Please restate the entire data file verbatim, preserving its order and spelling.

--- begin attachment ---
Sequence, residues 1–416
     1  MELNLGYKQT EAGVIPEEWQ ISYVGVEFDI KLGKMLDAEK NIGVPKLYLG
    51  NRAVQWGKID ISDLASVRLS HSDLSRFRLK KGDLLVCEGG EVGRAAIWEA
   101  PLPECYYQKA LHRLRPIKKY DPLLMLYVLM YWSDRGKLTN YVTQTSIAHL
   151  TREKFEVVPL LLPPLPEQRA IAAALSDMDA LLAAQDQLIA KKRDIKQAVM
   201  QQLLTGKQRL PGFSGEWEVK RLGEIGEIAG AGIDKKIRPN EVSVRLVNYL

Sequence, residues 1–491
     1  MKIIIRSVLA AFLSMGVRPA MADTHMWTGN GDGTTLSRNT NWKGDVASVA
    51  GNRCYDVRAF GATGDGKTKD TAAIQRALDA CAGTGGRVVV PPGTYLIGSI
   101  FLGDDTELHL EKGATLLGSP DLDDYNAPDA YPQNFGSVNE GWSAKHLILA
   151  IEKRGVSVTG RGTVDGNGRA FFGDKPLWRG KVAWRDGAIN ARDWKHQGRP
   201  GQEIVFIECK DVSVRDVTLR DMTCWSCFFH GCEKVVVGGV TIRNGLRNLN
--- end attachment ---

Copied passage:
Sequence, residues 1–416
     1  MELNLGYKQT EAGVIPEEWQ ISYVGVEFDI KLGKMLDAEK NIGVPKLYLG
    51  NRAVQWGKID ISDLASVRLS HSDLSRFRLK KGDLLVCEGG EVGRAAIWEA
   101  PLPECYYQKA LHRLRPIKKY DPLLMLYVLM YWSDRGKLTN YVTQTSIAHL
   151  TREKFEVVPL LLPPLPEQRA IAAALSDMDA LLAAQDQLIA KKRDIKQAVM
   201  QQLLTGKQRL PGFSGEWEVK RLGEIGEIAG AGIDKKIRPN EVSVRLVNYL

Sequence, residues 1–491
     1  MKIIIRSVLA AFLSMGVRPA MADTHMWTGN GDGTTLSRNT NWKGDVASVA
    51  GNRCYDVRAF GATGDGKTKD TAAIQRALDA CAGTGGRVVV PPGTYLIGSI
   101  FLGDDTELHL EKGATLLGSP DLDDYNAPDA YPQNFGSVNE GWSAKHLILA
   151  IEKRGVSVTG RGTVDGNGRA FFGDKPLWRG KVAWRDGAIN ARDWKHQGRP
   201  GQEIVFIECK DVSVRDVTLR DMTCWSCFFH GCEKVVVGGV TIRNGLRNLN